The announcement comes after the banks’ owner, National Australia Bank, reported a 15.6% fall in profits to £1.32bn in the first half compared with the previous year. The bank’s British adventure has suffered a decade of disappointing returns and, in the six months to December 2011, made a loss of £25m, compared with a profit of £77m in the same period the previous year.
NAB bought the two UK banks in 1987 (Clydesdale) and 1990 (Yorkshire), and has seen a lot of turbulence since then. Clydesdale’s situation hasn't been helped by a downgrade in its credit rating, which has harmed profits and weakened the bank’s position further: a vicious circle it is struggling to break.
The restructuring is part of a ‘back to basics’ strategy of scaling down its business services operations, closing 29 of its 73 Financial Solution Centres and merging nine other centres with retail banking branches. It's pulling out of commercial property loans altogether and concentrating its consumer and business lending on the more affluent parts of the UK. The bank has also been caught up in the payment protection insurance (PPI) mis-selling debacle and the NAB has set aside £120m to cover claims.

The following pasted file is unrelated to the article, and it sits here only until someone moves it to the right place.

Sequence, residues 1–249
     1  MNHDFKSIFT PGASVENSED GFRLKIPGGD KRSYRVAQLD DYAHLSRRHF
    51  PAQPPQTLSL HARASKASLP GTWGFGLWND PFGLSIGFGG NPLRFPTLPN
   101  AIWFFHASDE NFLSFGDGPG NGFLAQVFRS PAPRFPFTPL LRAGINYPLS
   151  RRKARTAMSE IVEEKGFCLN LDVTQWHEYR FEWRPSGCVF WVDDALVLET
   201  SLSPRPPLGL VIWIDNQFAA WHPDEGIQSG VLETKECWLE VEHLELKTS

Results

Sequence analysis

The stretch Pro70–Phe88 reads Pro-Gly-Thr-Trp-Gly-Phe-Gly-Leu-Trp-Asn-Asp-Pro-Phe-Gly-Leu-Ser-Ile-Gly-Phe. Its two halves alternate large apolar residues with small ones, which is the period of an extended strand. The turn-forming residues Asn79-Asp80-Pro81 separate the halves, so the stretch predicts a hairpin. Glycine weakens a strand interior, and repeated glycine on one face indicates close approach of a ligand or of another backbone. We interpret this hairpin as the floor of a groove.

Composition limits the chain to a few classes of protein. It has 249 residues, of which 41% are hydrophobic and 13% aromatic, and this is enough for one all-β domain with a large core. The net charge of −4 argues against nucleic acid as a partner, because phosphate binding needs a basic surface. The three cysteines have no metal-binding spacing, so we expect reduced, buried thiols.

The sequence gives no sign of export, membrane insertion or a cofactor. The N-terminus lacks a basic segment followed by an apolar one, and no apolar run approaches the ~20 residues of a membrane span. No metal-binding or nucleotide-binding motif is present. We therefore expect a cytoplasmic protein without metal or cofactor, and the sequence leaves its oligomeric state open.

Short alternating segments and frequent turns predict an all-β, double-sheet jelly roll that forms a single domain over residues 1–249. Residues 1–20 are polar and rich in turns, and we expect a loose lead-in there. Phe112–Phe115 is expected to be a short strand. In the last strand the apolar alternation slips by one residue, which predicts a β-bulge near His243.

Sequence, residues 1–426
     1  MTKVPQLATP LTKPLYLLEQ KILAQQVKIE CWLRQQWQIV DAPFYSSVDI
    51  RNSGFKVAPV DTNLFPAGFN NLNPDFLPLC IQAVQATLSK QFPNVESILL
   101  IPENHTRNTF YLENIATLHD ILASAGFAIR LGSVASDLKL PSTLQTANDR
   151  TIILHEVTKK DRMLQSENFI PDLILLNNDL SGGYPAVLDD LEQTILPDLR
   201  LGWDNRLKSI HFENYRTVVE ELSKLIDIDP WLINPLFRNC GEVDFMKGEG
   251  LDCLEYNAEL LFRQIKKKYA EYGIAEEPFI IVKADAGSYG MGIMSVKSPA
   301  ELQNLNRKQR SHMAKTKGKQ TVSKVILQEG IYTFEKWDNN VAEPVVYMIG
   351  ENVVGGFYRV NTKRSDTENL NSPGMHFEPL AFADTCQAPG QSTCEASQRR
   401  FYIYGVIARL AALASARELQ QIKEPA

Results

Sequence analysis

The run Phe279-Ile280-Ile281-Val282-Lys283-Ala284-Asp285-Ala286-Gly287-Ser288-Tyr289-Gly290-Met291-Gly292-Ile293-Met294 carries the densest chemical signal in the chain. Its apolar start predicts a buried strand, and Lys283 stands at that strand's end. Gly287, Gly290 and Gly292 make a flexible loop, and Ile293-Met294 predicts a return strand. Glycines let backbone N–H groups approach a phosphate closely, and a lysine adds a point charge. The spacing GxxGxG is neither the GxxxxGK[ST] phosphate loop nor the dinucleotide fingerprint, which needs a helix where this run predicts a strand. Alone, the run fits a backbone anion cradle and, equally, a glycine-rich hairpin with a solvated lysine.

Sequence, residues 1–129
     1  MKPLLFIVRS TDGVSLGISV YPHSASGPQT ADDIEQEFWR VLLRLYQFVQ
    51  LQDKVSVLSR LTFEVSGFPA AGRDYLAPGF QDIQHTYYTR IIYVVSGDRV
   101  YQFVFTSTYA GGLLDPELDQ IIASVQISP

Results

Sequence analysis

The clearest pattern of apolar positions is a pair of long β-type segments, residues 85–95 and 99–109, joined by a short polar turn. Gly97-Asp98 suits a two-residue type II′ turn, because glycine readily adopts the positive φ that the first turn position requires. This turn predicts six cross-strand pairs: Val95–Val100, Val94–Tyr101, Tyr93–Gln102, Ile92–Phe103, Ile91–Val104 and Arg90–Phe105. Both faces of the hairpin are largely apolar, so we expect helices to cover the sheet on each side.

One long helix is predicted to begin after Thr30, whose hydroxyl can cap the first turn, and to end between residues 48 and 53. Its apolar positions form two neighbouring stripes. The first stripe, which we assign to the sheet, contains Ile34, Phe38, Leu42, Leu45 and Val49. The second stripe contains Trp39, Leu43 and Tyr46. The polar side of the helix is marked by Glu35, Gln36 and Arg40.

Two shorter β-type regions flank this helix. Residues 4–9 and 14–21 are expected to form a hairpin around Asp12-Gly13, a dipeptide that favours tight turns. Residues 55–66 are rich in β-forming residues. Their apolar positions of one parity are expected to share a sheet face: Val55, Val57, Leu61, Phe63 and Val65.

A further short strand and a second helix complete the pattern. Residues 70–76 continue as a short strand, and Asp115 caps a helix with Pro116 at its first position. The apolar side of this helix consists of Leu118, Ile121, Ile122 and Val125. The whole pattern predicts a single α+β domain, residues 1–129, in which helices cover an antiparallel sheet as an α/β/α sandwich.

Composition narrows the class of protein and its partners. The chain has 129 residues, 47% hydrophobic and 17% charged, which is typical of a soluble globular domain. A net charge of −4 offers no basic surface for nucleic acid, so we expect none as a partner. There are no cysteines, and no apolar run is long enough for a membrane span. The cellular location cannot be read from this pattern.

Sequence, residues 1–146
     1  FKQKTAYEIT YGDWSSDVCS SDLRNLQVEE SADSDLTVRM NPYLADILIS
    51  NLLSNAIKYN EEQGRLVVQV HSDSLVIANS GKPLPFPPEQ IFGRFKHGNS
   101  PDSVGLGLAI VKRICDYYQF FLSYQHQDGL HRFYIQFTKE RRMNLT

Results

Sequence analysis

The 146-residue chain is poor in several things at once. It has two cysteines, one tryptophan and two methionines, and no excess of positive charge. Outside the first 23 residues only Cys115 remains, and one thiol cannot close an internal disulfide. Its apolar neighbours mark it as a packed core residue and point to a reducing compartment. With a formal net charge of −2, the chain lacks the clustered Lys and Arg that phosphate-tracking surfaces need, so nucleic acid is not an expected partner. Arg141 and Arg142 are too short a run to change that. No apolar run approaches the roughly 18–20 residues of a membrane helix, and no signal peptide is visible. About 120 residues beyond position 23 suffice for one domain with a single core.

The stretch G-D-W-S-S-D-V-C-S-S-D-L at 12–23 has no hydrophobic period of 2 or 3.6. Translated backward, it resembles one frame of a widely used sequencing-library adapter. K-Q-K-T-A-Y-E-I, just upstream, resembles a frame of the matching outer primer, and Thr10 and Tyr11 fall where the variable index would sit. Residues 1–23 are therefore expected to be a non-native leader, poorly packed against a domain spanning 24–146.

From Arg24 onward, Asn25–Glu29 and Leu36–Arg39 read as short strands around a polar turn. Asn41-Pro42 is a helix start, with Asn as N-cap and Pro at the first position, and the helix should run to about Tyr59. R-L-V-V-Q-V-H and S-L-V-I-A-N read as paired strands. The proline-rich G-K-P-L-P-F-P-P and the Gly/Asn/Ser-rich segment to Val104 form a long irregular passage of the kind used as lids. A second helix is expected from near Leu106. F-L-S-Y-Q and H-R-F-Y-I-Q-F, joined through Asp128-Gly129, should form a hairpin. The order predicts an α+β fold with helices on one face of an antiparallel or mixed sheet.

NAB boss Cameron Clyne said the strategy is in a response to a ‘significant downgrade in the growth prospects of the UK economy', as well as more rumblings in the eurozone. He explained that refocusing on retail banking and SMEs would reduce the bank’s ‘risk appetite’ for business banking in the UK. Sounds like jargon to us, but one comment Clyne made in a statement was more revealing: he thinks retail banking in the UK still delivers ‘reasonable’ returns. If that means we've seen the end of big bank profits driven by debt-fuelled consumer spending, that wouldn't be such a bad thing...